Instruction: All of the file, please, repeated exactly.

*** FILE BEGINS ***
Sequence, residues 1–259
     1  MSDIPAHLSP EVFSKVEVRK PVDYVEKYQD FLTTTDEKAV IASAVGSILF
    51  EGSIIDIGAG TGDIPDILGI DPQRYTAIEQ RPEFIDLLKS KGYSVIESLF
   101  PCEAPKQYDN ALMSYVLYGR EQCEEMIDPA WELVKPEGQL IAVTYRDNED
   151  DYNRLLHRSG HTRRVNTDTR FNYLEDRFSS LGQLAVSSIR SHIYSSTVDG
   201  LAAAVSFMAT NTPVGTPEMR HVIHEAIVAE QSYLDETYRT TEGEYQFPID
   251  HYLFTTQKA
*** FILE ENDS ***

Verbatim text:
Sequence, residues 1–259
     1  MSDIPAHLSP EVFSKVEVRK PVDYVEKYQD FLTTTDEKAV IASAVGSILF
    51  EGSIIDIGAG TGDIPDILGI DPQRYTAIEQ RPEFIDLLKS KGYSVIESLF
   101  PCEAPKQYDN ALMSYVLYGR EQCEEMIDPA WELVKPEGQL IAVTYRDNED
   151  DYNRLLHRSG HTRRVNTDTR FNYLEDRFSS LGQLAVSSIR SHIYSSTVDG
   201  LAAAVSFMAT NTPVGTPEMR HVIHEAIVAE QSYLDETYRT TEGEYQFPID
   251  HYLFTTQKA